In this video, learn how to use the natural language query feature to ask a question in plain English instead of writing a formula to gain insights into your data.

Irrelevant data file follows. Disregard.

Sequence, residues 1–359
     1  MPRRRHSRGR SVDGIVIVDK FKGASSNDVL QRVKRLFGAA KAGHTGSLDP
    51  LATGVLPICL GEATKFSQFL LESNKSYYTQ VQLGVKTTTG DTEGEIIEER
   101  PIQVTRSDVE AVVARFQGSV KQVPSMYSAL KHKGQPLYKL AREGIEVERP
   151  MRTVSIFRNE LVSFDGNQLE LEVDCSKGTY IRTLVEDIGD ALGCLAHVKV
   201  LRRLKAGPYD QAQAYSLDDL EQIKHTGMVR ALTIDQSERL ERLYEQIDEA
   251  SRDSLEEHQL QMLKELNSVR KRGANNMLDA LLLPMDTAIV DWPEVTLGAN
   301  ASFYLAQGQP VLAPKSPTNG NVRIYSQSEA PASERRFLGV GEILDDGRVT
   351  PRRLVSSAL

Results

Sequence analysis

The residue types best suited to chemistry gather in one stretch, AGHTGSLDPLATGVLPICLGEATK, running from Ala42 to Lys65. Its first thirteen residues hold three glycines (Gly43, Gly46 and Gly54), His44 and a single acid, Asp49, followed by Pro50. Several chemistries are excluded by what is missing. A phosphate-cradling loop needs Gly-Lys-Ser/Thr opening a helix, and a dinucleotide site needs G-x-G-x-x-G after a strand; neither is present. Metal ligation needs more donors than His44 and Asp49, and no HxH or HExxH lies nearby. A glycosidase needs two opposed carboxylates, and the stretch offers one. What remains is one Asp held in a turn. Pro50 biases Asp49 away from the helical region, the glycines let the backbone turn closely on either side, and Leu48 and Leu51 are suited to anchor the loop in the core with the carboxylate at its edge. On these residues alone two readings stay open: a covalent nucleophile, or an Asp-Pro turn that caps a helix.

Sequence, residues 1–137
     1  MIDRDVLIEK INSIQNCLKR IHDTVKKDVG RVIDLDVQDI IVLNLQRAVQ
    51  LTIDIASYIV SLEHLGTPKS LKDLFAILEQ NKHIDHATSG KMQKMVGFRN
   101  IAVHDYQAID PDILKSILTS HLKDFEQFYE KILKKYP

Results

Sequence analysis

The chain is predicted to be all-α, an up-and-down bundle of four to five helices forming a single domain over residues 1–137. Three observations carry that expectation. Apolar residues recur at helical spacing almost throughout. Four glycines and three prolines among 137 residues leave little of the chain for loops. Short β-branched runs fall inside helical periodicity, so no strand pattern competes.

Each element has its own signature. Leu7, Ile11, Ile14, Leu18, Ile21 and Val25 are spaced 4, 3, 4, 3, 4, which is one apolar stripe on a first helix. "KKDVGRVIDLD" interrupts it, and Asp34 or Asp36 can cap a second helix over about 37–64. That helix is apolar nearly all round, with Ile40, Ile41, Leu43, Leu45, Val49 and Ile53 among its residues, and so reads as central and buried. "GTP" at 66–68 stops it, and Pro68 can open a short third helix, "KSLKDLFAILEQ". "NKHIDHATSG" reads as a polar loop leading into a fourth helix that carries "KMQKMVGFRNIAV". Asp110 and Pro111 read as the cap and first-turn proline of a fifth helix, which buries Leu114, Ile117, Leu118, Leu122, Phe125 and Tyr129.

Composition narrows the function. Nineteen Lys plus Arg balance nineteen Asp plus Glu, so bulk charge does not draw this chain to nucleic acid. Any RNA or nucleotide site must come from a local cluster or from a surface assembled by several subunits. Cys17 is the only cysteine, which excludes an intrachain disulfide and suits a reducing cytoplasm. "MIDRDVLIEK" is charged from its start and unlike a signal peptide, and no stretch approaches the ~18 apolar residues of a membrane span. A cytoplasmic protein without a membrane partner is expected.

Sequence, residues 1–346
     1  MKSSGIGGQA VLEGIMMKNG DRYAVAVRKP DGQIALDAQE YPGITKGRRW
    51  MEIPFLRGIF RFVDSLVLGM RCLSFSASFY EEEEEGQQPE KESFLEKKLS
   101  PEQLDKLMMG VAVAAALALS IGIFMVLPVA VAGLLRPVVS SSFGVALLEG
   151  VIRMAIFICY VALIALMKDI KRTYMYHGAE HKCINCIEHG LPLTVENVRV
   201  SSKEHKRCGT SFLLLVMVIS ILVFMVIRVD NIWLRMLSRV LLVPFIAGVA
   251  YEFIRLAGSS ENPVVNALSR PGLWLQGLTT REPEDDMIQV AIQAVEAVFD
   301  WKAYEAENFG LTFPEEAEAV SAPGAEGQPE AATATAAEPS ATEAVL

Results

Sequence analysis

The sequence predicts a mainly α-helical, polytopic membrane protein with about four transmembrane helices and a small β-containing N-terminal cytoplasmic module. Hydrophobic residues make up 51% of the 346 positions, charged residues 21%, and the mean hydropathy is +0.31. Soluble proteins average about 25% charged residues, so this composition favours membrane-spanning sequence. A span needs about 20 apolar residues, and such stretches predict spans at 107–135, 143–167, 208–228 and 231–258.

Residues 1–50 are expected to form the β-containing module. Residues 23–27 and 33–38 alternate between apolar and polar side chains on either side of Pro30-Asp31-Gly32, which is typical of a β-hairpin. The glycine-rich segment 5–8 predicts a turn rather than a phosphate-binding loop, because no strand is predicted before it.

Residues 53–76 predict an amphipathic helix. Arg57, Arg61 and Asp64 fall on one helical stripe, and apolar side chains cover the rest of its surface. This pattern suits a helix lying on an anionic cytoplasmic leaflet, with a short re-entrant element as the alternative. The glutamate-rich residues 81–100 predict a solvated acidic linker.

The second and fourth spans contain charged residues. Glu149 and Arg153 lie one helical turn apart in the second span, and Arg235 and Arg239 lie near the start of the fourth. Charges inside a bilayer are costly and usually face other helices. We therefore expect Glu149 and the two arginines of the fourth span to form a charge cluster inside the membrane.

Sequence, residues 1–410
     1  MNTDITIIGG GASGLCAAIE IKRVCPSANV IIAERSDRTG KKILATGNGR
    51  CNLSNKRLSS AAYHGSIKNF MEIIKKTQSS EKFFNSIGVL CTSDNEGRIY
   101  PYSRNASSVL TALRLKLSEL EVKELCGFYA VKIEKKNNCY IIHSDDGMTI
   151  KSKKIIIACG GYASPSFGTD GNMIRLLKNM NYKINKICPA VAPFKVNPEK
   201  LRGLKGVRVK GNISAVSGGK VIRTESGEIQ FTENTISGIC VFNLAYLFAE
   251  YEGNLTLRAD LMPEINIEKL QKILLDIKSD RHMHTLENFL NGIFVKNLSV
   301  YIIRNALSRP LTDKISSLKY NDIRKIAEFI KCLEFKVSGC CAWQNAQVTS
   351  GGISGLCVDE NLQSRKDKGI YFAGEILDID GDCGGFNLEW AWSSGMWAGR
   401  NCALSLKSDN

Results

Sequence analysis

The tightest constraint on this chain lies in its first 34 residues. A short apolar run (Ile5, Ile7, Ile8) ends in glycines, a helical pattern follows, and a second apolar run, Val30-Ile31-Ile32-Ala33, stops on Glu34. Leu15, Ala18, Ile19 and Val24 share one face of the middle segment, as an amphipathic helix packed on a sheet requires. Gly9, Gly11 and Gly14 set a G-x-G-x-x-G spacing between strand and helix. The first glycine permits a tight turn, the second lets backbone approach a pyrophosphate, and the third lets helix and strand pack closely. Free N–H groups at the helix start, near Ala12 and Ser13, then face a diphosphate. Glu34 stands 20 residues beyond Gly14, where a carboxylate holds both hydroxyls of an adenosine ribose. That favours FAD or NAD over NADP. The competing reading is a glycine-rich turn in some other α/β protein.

- [Instructor] Sometimes gaining insights into our data requires writing complicated formulas, which can be time consuming if you're good at it. And if you're not good at writing formulas, it can be daunting. Well, there's a new feature here that allows us to use plain English to ask a question of our data to get the results we're looking for. It's called natural language query. We're going to explore it here. I have a spreadsheet open that has quite a bit of data, broken up into quarters, and you can see different line items, estimated versus actual values. If I wanted to, say, for example, understand what the estimated interest income is by quarter, I could write a formula for that, or I can go up here, with the Home tab selected, to the Ideas button off to the right-hand side, to ask a question. Now, the first you'll notice when you click this button is the pane opens up with a bunch of ideas already showing up down below. You can see I can insert a chart if I wanted to, showing the actual by month. That's close to what I'm looking for. Oh, there's estimated by quarter and line item. That might be useful. It's a PivotChart, and clicking down below allows me to insert that. And as I scroll further, I see some other insights and, at the bottom, additional results. And I can show them all by clicking the Show all link, and scroll down. Now, I may find exactly what I'm looking for. It's going to find things maybe I didn't notice, like that quarter one has a noticeably higher prior year variance. That's interesting. Scrolling further down, quarter one and four have higher estimated than normal, kind of interesting. So I'm getting some good information here. But to get exactly what I want, I click up here in the Ask a question about your data field. Click in there, and simply type out a plain English question, looking at the data that appears over here to the left. So I'm wondering what is the estimated interest income by quarter? I'm going to use qtr because that's how it appears over here in my spreadsheet. And a question mark and press Enter or Return, and check it out. Right there, you can see I'm getting the graph or PivotChart that shows exactly what I need. And if I want that included in my workbook, all I have to do is click Insert PivotChart. You're going to notice a new tab gets created, called Idea1, which, of course, I can rename. I'm going to click inside this tab. Double-clicking opens up the Rename Sheet dialog, Idea1 already highlighted. So I can type in what I want, so Estimated Interest by Qtr, like so. Clicking OK creates that label down below. And if I want to, I can use the PivotChart fields and work with the PivotChart the way I want, using filters, et cetera. When I'm done, clicking the Close button brings me back to my ideas. If I'm done with the natural language query, closing that up takes me back to my new tab, where I can see the data that would've required probably somewhat of a complicated formula. If I'm not good at formulas, it's a great way to get results quickly, a new feature here in Excel for Office 365.
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